Article11 September 2018Reading time 7 minutes

Turkey central bank preview: Committed to deliver

We expect the Central Bank of Turkey to hike its policy rate to 21% with a recalibration of monetary policy in response to weakness in the currency and a further deterioration in the inflation outlook. We think the bank will maintain its commitment to further action after the release of the Medium-Term Economic Program

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Expecting a rate hike to 21%

The CBT has already responded to the plunge in the Turkish lira in August by tightening liquidity via shifting funding from the one-week repo auctions to the upper band of the interest rate corridor, with a consequent 150 basis point rise in the effective cost of funding to 19.25%. The bank also took some other “low-level measures,” including adjustments in reserve requirement ratios and changes in coefficients of the reserve option mechanism. At the September MPC meeting, we expect the CBT to hike its policy rate (one-week repo) by 325 basis points to 21% while also returning to full funding from weekly repo auctions.

Key CBT rates (%)


The CBT has signalled an adjustment in its policy stance

Following the release of August inflation data, the bank signalled an upward adjustment in policy rates to stop the Turkish lira slide and restore price stability, with the bank stating that “it would take the necessary action to support price stability. Accordingly, the monetary stance will be adjusted at the September MPC meeting in view of the latest developments”. Our MPC call translates into 175 basis points of effective tightening from the current funding cost level. Such a move would pull the overnight lending rate and late liquidity window (LLW) rate to 22.5% and 24%, respectively.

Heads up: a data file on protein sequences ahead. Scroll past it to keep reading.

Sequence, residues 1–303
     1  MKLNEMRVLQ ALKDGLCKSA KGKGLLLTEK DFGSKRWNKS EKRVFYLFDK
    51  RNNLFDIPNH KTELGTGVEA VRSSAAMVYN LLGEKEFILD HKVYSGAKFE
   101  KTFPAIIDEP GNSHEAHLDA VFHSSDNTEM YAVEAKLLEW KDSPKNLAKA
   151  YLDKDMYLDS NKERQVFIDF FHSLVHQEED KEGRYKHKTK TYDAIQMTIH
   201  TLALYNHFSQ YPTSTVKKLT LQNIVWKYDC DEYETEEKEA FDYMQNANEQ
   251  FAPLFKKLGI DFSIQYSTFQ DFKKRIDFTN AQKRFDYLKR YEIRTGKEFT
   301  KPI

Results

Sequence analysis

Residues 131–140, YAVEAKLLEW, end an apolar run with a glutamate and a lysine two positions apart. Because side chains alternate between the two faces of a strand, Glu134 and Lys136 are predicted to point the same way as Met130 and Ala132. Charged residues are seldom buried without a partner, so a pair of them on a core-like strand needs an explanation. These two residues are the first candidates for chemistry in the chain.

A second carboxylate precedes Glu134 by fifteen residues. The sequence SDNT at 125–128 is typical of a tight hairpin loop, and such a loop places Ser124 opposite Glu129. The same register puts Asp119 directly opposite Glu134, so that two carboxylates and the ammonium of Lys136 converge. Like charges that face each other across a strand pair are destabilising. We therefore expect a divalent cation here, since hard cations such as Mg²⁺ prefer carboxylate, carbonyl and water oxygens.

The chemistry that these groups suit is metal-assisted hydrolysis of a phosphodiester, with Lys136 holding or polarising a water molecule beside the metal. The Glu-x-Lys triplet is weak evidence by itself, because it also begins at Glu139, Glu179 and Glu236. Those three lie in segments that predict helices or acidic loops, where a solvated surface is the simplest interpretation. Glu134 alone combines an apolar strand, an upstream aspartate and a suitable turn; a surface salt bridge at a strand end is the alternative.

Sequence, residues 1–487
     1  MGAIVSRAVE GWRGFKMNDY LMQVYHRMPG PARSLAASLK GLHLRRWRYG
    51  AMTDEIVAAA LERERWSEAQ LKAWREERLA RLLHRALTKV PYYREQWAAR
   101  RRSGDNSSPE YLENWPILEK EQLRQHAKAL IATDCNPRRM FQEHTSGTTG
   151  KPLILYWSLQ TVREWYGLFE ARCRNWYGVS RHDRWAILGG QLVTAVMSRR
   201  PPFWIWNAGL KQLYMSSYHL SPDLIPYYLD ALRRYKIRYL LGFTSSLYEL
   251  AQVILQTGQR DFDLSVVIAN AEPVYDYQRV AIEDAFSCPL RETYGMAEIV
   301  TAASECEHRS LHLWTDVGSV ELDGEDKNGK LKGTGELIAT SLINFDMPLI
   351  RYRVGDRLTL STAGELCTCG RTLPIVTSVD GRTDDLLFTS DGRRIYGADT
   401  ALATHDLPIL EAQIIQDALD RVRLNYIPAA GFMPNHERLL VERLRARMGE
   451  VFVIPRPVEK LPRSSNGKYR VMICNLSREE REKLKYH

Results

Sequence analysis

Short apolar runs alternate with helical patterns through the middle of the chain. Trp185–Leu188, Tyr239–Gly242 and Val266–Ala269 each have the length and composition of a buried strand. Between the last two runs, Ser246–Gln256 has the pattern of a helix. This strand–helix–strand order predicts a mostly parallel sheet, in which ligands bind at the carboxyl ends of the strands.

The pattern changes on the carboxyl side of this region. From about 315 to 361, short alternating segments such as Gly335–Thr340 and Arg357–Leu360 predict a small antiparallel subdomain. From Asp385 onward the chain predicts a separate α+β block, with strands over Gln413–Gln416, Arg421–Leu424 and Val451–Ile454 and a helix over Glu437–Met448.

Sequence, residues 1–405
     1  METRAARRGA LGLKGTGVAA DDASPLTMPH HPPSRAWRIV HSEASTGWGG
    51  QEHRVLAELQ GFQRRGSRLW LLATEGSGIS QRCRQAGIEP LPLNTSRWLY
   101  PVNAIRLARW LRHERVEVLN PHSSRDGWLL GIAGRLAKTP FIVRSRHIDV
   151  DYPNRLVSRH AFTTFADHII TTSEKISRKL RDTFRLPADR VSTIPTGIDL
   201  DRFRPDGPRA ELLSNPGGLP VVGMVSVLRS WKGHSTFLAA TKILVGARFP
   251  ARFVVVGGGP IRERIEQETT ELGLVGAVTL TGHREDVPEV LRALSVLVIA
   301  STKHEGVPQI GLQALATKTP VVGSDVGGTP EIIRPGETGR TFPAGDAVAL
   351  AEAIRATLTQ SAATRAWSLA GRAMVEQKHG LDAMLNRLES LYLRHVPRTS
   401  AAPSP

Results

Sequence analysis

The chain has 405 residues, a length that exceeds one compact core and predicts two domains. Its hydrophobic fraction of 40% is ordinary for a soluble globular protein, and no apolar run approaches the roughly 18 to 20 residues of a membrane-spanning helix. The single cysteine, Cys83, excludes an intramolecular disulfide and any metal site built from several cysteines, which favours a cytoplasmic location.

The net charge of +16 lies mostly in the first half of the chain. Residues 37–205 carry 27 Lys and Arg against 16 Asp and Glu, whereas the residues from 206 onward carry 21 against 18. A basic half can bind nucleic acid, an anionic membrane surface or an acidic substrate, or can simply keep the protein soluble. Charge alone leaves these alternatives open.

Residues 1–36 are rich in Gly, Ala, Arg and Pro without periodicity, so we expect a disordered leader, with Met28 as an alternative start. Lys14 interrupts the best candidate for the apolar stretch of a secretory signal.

Price stability top of agenda

Despite relatively benign food inflation- mostly on the back of unprocessed foods- the latest August data presents a bleak picture, with general upward pressure across various sub-components, accelerated further by a sharp TRY depreciation as well as administrative price adjustments. Looking ahead, we expect inflation to increase further towards the 20% handle as the lira's depreciation continues to work its way through to prices. The performance of the Turkish lira and food prices will be key drivers of CPI.

Ex-post real CBT funding rate narrowing since May

The ex-post CBT funding rate, which has been low or sometimes even negative since the global crisis, has significantly eroded again after a sharp adjustment in May with a spike in CPI. Inflation expectations over 12- and 24-months have trended upwards in recent years to a near record, with the former hitting 12.96% and the latter at 10.67%. A further deterioration would create additional pressure on the real policy rate.

On the flip side, the ex-ante CBT funding rate is high by emerging market standards, slightly above 6 percentage points as of the end of August. But a further deterioration in the risk attitude towards Turkey in the face of the current inflation uptrend, along with other ongoing macro vulnerabilities, point to the importance of keeping the rate buffer strong.

Real Interest Rate (%)


Possible actions by the MPC